What an amazing ending to the final game tonight – I thought it would never end – neither the actual game, nor the flood of yellow. It must be very close to a new record for the number of times the ref hauled that card out of his pocket. A dirty game – but two hungry teams.
That goal, leaving us with 3 nail-biting minutes of time before the final whistle – that’s the worst. But what a magnificent ending it was – they were so ecstatic, those guys! They deserved the win.
Which brings us to the end of a month of football, an end to years of planning, an end to a maze of car-mounted flags, an end to late nights of soccer.
And Spain may be the new world champions, but for me, SA is the real winner of the soccer world cup.
We did so well with this event; I am inordinately proud of what we have achieved.
Honestly, I never had any doubt about our abilities to handle the event – I was always confident it would go smoothly. I know the quality of people we have who organize events. We’ve done it before – rugby, soccer and numerous other events. This one was just slightly bigger.
Yes it took a lot of planning, yes there were disagreements, but yes, we got it right. Despite all the negative comments from the naysayers and pessimists out there. (please – go into retirement now; we only have time for optimists and realists).
Just 2 months ago I still caught myself saying, out loud, “can this damn soccer world cup be over already, so that we can get back to normal”. I was tired of all the promises that had been broken, of the negative press, of the naysayers. I was tired of hotels being empty when they should have been full to capacity.
I work in tourism, and through a combination of overly optimistic promises by FIFA and Match, and our industry’s own greed in the last 12 months, we ended up with many many empty beds these last 4 weeks. Luxury hotels near the stadia had empty rooms on several nights – only those in Johannesburg had a super month.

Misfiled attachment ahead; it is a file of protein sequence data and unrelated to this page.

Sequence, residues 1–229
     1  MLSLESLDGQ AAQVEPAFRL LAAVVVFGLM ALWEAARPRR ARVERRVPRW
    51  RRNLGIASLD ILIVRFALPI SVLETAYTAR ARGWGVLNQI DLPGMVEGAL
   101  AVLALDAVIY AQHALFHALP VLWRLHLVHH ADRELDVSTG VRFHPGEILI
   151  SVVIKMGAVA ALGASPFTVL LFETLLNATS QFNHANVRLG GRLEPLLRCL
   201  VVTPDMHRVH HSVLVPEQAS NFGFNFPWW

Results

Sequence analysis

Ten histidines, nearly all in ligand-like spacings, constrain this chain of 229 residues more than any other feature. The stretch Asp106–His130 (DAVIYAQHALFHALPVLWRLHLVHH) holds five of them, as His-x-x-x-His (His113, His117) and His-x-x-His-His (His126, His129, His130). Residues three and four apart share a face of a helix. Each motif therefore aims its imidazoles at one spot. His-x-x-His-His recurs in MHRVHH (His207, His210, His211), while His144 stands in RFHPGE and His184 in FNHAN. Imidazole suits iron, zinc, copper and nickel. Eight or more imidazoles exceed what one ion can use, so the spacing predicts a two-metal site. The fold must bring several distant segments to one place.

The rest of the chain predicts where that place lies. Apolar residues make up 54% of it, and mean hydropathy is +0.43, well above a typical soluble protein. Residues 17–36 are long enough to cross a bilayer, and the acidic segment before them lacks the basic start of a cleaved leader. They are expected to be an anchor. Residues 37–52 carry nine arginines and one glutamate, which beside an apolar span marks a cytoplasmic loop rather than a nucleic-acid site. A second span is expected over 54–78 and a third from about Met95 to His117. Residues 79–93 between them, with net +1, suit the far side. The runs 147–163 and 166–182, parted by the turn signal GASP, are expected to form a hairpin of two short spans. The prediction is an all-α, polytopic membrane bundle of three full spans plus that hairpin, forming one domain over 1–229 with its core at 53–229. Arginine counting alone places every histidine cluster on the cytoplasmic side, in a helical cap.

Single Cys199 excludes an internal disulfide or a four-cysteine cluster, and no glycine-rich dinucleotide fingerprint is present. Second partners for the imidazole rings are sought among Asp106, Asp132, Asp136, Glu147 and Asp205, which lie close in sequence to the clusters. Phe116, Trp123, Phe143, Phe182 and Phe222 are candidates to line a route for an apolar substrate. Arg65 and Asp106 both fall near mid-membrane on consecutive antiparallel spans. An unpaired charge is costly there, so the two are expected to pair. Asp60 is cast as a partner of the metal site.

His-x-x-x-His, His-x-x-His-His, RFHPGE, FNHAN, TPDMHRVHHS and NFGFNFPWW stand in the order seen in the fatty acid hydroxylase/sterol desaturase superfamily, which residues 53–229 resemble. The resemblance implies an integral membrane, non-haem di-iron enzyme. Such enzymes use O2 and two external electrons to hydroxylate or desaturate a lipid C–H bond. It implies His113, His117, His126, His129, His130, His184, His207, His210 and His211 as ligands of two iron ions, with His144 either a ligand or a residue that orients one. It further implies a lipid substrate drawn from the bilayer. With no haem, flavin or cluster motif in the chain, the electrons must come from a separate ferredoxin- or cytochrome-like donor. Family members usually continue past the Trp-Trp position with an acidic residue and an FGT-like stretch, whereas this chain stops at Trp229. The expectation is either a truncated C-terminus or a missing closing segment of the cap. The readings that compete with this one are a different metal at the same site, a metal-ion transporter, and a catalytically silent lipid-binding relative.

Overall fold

But in the last few days before the tournament a friend of mine inspired me to be excited for the game itself. She’s not involved in tourism, and she got me revved up about the actual game and all the teams that would be coming to visit. She was bouncing in her chair she was so excited! And it was contagious…
Soon I had not 1, but 4 flags on my car. I’d turn up the volume every time the Waka Waka song came on the radio. I got an SA and a German t-shirt.
And, most surprising of all, while watching the opening ceremony on 11 June, I bought a ticket to the quarter final at Soccer City. I just had to watch at least one game in that stadium, to feel the vibe, the energy, the pulse of Jozi.
All this from a guy who isn’t actually into sport. At all.
And that game turned out to be a turning point for me in many ways, probably inspired by the fact that Ghana was playing – and I became ridiculously excited at the prospect of seeing the last African team play in Soweto… as close to home ground for any remaining team as possible.
I’d never flown to another city for a sports event before – ever, and here I was with 7 items of Ghana to support them with: a full size flag on my back, a Ghana beanie, a scarf and a t-shirt on which I painted the Ghanaian flag. I re-decorated my vuvuzela in the colours of Ghana, I painted my face and I made a poster to take to the stadium with me;
I threw myself behind our brothers from the north, and joined 81 416 others at Soccer City – of which 417 were Uruguay supporters – the rest dressed in Red, yellow and green.
And the vibe was electric! From the train ride between park station and the stadium to the last penalty shot.
Every time our team got near the goals it felt like the stadium was rising up – so intense was the energy.
And when we scored that first goal at just before half time!? I swear the stadium was taking off, just like a space shuttle… the whole trip and expense was worth it for just that one moment… you can’t describe the jubilation, the one-ness of 81000 people, the utterly palpable joy and exuberance of the crowd…
And the complete opposite when the final penalty shot was scored by the Uruguayans… when they ran onto the field, arms in the air for their win – it was like a silent movie. The stadium was quiet, and I couldn’t hear a cheer or a vuvu anywhere. It was like we’d all been struck dumb.
But life carried on, and we chose a new country to support – and tonight ‘my’ team did win.
Both teams were hungry, which might explain why it was such a ‘dirty’ game, but only one could win, and I am very glad it didn’t go into a penalty shoot-out situation – I’ve never thought that’s very fair.
Tonight though, to get back to my initial point – I realize that the real winner is SA.
We’ve put on a magnificent show. Everything worked (apart from that little ACSA debacle in Durban…) and it worked well. The crowds were happy, the roads were working, the transport was excellent.
The stadia are beautiful (how’s that Soccer City!?!) and the airports too.
Yes, life goes back to normal tomorrow, and the flags have been disappearing off cars already, but I am massively proud of what we have achieved 🙂
Nkosi Sikelel’ iAfrika – God Bless Africa